This review essay, by Professor Carrie Menkel-Meadow and Dean Bryant Garth, reports on the history and deployment of empirical studies of civil procedure rules, court policies, and legal developments for reforms of court procedures and practices in both the United States and England and Wales. It traces the influence of particular individuals (e.g., Charles Clark in the United States, and Harry Woolf in England) in the use of empirical studies of litigation patterns and court rules to effectuate legal reforms. The essay reviews some particularly contentious issues over time, such as whether there is/was too much or too little litigation, access to courts, discovery practices, evaluations of the effects of particular rules, such as Rule 11 verification requirements, class actions, and practices such as court use of ADR, case management, and pre-trial conferences. The authors argue that empirical research on procedures and policies in courts have mostly been conducted in service of particular reform agendas, with a few exceptions of more "pure academic" study. The essay concludes with some suggestions for research questions that explore questions of who does the research for what purposes. Do researchers use research to develop their own "human capital" or legal reform influence? How do we know what optimal rates of court usage are? Can empirical studies shed light on more normative questions about what are optimal levels of process, access to courts, and when justice is delivered in formal court institutions?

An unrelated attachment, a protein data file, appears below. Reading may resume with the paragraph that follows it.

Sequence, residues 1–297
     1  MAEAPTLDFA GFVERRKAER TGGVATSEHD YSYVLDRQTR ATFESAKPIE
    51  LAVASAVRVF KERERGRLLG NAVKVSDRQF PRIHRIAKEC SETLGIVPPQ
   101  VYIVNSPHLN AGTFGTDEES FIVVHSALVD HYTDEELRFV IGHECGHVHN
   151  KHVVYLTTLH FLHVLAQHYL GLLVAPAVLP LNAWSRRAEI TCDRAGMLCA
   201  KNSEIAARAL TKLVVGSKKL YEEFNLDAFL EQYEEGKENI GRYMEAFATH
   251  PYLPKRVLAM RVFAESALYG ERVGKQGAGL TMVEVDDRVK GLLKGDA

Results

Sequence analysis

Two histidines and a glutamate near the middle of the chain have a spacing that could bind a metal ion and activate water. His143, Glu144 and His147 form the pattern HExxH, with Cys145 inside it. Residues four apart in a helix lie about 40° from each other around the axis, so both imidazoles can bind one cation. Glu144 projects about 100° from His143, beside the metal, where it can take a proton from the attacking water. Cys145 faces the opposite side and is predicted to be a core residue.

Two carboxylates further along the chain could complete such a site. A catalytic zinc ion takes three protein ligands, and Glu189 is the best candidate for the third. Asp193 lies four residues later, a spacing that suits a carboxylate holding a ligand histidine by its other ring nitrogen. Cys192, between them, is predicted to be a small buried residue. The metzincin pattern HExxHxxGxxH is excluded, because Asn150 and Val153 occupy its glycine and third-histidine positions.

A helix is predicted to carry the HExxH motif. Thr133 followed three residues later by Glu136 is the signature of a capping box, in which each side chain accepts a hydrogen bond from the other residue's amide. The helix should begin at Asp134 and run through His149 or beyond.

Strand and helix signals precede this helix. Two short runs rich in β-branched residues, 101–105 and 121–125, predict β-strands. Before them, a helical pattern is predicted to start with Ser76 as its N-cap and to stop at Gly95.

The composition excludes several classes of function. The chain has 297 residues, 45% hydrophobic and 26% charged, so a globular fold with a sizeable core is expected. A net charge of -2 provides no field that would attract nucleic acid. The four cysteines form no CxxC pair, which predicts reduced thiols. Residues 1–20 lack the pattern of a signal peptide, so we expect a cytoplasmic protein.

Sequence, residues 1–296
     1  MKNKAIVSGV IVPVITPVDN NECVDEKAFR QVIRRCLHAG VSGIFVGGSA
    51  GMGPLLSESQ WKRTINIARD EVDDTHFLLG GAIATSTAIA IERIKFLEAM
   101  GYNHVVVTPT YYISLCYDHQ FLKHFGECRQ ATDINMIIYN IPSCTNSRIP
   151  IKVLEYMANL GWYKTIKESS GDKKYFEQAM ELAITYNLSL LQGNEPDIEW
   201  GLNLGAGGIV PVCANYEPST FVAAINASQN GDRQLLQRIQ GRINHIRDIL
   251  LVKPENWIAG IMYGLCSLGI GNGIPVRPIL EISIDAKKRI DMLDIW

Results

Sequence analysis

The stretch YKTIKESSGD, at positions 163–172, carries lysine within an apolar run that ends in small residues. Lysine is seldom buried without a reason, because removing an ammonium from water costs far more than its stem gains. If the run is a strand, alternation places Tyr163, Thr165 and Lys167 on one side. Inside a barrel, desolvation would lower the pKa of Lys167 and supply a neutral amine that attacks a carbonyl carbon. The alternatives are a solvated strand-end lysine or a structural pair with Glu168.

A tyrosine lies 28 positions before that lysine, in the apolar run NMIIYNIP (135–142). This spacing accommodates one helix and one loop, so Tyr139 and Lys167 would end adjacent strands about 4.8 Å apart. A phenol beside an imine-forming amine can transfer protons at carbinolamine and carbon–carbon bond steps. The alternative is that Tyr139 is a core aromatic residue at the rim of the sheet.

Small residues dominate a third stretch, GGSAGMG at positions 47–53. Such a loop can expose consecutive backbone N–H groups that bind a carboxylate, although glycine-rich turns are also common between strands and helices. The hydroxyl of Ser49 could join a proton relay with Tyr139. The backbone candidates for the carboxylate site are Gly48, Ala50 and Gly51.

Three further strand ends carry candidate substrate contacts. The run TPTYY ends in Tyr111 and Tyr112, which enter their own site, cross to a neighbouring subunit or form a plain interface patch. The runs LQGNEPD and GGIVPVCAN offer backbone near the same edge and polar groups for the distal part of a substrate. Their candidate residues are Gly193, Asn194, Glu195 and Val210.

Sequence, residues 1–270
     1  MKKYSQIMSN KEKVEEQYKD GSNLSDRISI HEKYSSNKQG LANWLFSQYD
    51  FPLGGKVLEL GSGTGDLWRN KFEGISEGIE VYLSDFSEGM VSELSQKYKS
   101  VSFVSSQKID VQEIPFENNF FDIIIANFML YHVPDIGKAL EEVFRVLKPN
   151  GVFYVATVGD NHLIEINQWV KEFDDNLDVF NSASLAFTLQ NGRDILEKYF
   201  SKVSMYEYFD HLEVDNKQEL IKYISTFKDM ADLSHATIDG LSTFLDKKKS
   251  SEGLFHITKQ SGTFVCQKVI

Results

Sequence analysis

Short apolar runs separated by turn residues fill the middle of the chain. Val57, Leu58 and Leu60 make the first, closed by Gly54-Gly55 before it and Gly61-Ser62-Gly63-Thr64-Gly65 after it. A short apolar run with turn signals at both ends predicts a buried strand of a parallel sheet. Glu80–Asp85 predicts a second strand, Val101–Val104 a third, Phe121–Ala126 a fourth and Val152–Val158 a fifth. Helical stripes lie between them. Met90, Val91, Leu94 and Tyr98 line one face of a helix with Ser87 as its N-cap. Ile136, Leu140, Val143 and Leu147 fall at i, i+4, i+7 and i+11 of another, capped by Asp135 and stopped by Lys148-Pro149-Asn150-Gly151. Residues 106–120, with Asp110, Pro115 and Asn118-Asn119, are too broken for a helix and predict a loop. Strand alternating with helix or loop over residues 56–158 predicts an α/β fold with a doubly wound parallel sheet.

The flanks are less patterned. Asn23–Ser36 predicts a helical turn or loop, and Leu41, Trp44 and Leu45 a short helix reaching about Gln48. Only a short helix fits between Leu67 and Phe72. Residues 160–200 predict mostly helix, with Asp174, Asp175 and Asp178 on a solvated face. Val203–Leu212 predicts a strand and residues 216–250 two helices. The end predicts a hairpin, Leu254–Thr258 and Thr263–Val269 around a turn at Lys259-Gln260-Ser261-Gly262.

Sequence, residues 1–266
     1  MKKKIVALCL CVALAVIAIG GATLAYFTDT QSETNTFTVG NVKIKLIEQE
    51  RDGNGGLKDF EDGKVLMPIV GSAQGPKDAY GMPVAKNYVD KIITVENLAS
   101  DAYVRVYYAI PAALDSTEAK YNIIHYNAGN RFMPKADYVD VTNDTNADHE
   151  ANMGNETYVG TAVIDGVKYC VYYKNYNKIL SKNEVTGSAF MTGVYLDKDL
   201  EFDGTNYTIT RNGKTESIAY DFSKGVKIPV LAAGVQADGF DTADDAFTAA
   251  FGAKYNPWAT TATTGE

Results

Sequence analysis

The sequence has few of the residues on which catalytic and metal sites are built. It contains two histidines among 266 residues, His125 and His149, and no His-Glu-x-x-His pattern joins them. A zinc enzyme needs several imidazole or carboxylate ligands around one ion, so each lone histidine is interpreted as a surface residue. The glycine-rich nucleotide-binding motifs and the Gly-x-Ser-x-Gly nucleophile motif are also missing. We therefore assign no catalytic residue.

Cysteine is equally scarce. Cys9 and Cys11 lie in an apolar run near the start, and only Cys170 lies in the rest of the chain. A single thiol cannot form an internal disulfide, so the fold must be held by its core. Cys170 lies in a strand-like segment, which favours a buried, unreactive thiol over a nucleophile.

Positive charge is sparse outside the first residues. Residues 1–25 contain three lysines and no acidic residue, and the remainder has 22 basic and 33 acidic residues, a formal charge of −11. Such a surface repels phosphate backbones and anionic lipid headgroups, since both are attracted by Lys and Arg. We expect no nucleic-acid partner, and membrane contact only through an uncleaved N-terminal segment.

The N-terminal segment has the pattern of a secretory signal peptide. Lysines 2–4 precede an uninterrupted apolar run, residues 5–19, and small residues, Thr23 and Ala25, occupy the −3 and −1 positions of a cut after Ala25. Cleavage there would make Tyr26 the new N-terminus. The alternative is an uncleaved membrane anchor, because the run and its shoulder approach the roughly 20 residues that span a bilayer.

Sunday, February 14, 2010
The Wall Street Journal's Law Blog reported Friday that Judge Manuel Real told Bar/Bri antitrust litigators that they could recover around $1.26 million in costs, but not the $12 million in attorneys fees. Judge Real cited concerns about conflicts of interest and ethical concerns in forfeiting McGuireWoods LLP's fees. The full story is available here.
The Economist suggests a connection between Toyota's continuing manufacturing problems and a corporate culture that fails to raise problems because it is overly deferential. I have separately heard that Asian airplane co-pilots have had to be specifically trained to overcome their traditional cultural deference and challenge the actions of pilots, if warranted, in emergency situations. Here's an excerpt from article:
Toyota’s problems are its alone, but they highlight broader failings in Japanese corporate governance that make large companies particularly vulnerable to mishandling a crisis in this way. Such firms typically have a rigid system of seniority and hierarchy in which people are reluctant to pass bad news up the chain, thus keeping information from those who need to hear it in a misguided effort to protect them from losing face. In many firms, including Toyota, family ties make challenging the boss all but impossible. Any attempt to short-circuit the hierarchy is deemed an act of disloyalty and a violation of the traditional consensual corporate culture. Groupthink becomes entrenched because there is so little mobility between companies: hiring from outside is thought to disrupt a firm’s internal harmony, and an executive willing to move will be stained as a disloyal “job-hopper”. This further hinders firms’ ability to take bold, decisive action. The preference for harmony crowds out alternative viewpoints.